Tencent’s WeChat announced Tuesday that it will temporarily suspend registration for new Chinese users while it complies with the “relevant laws, regulations,” making it the most recent Chinese company to be subject to regulatory scrutiny on the largest internet market in the world.
Tencent stated in a post on social media that it was “upgrading its security technology” to comply with all applicable laws. While this is happening, “registration for new Weixin (WeChat’s Chinese app), personal and official accounts have been temporarily suspended.”
“Registration services can be restored once the upgrade is completed, which is anticipated in early August,” stated WeChat. It has more than 1.2 billion active monthly users in China, as of this year.
Although it is not clear what law WeChat is using in the announcement, this comes amid an extensive crackdown by Chinese regulators on tech companies. In recent weeks, the crackdown has resulted in billions in market capital for Chinese companies and many prominent global investors such as SoftBank being affected.
WeChat has not had to make this step in over a decade. WeChat is a Chinese super-app. Weixin offers a message service and also lets users make online payments.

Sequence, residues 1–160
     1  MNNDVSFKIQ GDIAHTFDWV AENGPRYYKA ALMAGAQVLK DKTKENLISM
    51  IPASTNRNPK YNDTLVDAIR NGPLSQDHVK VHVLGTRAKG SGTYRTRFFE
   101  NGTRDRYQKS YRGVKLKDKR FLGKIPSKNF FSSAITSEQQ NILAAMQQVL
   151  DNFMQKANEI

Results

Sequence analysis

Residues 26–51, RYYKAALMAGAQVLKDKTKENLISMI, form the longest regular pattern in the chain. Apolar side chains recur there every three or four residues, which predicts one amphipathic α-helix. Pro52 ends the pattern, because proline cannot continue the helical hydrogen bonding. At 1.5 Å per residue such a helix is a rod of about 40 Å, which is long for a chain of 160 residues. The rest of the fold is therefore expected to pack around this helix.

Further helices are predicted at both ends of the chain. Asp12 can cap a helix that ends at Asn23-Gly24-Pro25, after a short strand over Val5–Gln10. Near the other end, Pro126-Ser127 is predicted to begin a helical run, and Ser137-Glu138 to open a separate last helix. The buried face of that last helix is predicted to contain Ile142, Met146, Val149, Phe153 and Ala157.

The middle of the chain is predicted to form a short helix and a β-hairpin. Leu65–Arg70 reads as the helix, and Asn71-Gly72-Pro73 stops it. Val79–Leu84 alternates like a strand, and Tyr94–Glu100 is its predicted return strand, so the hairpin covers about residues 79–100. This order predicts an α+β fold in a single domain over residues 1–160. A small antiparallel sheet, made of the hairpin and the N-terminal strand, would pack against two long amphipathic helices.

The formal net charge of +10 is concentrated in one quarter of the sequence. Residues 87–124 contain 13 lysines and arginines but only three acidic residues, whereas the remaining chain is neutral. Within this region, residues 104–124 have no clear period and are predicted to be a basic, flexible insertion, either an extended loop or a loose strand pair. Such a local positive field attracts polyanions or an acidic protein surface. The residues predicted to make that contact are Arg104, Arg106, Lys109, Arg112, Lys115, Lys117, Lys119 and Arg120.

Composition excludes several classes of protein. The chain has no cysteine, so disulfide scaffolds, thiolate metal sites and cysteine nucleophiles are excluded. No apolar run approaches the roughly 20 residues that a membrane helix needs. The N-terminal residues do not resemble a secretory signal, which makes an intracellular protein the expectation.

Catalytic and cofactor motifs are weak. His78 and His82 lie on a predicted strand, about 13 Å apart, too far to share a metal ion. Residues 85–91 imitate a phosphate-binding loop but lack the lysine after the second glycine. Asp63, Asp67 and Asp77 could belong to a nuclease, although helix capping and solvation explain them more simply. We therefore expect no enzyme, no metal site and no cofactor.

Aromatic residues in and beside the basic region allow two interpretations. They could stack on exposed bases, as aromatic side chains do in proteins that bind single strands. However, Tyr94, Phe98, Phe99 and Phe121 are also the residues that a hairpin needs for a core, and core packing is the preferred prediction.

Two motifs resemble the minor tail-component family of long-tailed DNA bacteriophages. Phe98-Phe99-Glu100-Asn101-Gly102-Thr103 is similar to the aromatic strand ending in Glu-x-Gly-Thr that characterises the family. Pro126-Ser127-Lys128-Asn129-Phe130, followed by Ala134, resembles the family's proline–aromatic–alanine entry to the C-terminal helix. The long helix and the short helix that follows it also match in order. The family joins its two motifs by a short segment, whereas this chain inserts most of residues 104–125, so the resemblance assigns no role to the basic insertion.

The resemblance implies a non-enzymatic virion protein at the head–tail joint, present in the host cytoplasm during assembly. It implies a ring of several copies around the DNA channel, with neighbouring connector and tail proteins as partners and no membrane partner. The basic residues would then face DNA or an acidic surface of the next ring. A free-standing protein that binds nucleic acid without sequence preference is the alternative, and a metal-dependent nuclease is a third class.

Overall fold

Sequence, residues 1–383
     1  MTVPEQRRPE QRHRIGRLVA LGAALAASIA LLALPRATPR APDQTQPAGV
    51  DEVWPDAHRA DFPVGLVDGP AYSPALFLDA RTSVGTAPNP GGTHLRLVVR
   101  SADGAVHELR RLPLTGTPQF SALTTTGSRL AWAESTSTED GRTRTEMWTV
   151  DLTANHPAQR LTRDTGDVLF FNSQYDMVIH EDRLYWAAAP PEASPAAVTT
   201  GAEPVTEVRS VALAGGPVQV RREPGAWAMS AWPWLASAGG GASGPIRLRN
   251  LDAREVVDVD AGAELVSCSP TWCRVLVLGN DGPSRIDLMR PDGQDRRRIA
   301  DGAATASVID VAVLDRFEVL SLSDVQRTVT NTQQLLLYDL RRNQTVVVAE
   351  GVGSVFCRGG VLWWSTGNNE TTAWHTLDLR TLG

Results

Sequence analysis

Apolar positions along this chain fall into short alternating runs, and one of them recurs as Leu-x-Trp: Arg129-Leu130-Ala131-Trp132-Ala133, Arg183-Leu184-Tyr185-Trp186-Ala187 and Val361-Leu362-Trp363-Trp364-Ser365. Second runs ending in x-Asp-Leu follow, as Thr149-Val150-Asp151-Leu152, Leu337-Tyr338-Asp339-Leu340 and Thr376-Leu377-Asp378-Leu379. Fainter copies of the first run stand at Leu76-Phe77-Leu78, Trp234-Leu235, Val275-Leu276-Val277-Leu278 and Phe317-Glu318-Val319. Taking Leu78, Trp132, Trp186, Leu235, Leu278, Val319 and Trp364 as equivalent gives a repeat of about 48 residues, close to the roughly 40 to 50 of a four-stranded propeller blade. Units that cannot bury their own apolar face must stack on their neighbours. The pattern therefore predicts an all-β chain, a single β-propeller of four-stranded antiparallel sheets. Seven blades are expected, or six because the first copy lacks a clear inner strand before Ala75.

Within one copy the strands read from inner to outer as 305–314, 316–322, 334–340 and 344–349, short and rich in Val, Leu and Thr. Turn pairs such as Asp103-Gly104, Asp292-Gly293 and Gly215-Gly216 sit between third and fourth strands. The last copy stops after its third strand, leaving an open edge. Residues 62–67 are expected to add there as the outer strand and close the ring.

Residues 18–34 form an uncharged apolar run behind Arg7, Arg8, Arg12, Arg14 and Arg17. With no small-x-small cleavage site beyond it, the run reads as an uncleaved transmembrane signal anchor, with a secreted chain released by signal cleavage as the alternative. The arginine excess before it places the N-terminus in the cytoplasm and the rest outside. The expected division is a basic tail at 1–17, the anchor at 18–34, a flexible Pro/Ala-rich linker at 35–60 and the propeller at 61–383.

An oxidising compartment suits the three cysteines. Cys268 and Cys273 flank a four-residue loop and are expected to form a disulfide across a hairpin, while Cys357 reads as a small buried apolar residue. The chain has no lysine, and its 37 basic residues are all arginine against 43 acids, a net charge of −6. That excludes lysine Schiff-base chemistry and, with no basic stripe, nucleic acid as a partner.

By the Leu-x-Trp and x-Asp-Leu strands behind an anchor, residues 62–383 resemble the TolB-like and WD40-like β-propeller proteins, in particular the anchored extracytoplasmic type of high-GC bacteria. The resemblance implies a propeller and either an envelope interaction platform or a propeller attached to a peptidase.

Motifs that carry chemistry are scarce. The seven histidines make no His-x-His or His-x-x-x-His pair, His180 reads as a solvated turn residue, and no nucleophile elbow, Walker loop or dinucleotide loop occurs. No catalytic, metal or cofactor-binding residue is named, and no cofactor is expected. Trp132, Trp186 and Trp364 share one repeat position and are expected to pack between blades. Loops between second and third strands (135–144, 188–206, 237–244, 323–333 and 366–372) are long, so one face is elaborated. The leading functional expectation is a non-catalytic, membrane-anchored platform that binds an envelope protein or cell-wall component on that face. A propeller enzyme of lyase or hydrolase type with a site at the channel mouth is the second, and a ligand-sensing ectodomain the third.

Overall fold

It’s different in other countries. Donald Trump signed an order banning transactions using TikTok or WeChat in America last year. These actions were rescinded by President Joe Biden last month and replaced.
Analysts believe the Chinese government may be concerned by the rise of tech companies in China and the privacy of citizens’ personal data.
China’s cybersecurity regulator had ordered Didi, the ride-hailing app giant, to cease signing up new customers earlier this month. This was days following Didi’s initial public offering of $4.4 billion on the New York Stock Exchange. The regulator claimed that Didi’s Chinese app illegally collected customer personal data.
Publiated at Tue 27 July 2021, 10:30:04 +0000